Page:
Breadcrumb

You are in:

High Speed Rail (Preparation) Act 2013-14

Royal Assent

Summary

  • Bill status:

    Bill is now an Act

  • Type of Bill:

    Government Bill

Sponsors:

Last event

Summary

The Bill was introduced in the Queen's Speech on 8 May 2013 and aims to enable the building of the 'High Speed Two' railway line, providing further opportunities for economic growth in many of Britain's cities.

Transport secretary, Patrick McLoughlin referred to plans to introduce a paving Bill for HS2 that would enable money allocated for the project to be used ahead of Royal Assent of the hybrid Bill, expected by 2015.

In a written answer published in March, rail minister Simon Burns stated that it would seek parliamentary approval to "incur essential expenditure on the preparatory works in advance of the proposed hybrid Bill achieving Royal Assent and allow the construction programme to proceed as quickly as possible thereafter".

The main measures of the Bill include giving the government powers to:

  • Compulsorily acquire or temporarily take possession of land required for the scheme
  • Construct and maintain the railway
  • Provide deemed planning permission for the scheme

The Bill was expected to be short, but objections were raised about the government's intentions in introducing it. Due to the controversial nature of the project and claims made regarding consultants fees, the Bill is likely to be contentious, so a quick passage through Parliament is not guaranteed.

The government's timetable outlined their expectations that the Bill would be introduced by the end of 2013, receiving Royal Assent by 2015.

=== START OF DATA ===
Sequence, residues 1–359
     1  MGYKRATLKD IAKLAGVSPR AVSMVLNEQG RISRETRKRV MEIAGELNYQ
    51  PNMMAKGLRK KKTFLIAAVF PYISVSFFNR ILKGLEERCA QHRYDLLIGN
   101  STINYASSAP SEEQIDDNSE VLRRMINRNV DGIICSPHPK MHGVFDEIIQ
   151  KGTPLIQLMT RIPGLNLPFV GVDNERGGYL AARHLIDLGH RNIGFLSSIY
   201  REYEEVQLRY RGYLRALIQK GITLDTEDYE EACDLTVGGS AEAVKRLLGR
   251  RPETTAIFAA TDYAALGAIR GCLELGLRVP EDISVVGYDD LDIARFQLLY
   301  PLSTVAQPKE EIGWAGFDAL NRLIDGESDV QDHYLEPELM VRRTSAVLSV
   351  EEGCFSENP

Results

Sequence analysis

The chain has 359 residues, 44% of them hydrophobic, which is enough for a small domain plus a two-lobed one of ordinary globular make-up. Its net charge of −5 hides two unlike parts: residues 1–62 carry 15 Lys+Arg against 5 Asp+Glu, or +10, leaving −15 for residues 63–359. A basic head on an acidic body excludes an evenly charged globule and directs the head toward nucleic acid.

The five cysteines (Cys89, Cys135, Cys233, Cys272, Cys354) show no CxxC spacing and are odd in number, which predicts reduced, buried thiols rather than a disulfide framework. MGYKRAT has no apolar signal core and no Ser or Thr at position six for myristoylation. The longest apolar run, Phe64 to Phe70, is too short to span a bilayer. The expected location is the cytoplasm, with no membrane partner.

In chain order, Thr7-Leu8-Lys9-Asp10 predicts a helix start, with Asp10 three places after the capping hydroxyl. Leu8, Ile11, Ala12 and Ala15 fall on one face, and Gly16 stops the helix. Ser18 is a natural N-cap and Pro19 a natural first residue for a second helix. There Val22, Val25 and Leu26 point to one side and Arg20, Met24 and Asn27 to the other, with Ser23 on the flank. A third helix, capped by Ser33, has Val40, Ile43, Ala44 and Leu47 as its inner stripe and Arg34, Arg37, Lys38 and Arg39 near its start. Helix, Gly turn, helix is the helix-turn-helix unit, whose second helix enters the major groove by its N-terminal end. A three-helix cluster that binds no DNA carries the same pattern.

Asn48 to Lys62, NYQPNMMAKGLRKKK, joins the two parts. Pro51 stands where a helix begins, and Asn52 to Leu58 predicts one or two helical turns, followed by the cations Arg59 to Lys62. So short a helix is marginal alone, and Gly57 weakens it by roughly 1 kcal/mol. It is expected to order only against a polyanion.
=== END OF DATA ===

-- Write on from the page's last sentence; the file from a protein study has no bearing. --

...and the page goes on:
The TaxPayer's Alliance called the high speed rail line "a great vanity project" and said it was "poor value compared to more affordable alternatives".

The Institute of Civil Engineers welcomed the HS2 Paving Bill as it presented "an opportunity to bring about a real step change in rail capacity and help regenerate and boost the economies of our city-regions."

The Association of Train Operating Companies said the HS2 legislation was "the next important step in securing a modern high speed rail network linking the north and south of Britain which will unlock significant economic and environmental benefits."

The Institution of Engineering and Technology criticised the government's piecemeal approach to HS2 as it risked "phase two never getting further than the drawing board."

Should the Bill become an Act, it will extend to England and Scotland only.

During the fifth and sixth sittings of the Bill committee, an amendment seeking to extend the high speed network to destinations including, but not limited to, Glasgow and Edinburgh, was not agreed following a division. Other amendments not agreed following divisions related to leaving out construction of railway lines connecting the East Midlands' and replacing it with 'the Nottingham/ Derby corridor and in addition to connecting lines "adding capacity between".

On 31 October 2013, MPs approved funding for the preparation of the HS2 project as the High Speed Rail (Preparation) Bill passed its remaining stages in the Commons. Twenty Conservatives voted against the Bill.

A number of probing amendments with regards to Scotland's position on the HS2 line were considered, while a cross-party amendment on integrating HS2 with other transport links was approved.

During third reading, transport secretary Patrick McLaughlin confirmed that the hybrid Bill would be presented "before Christmas".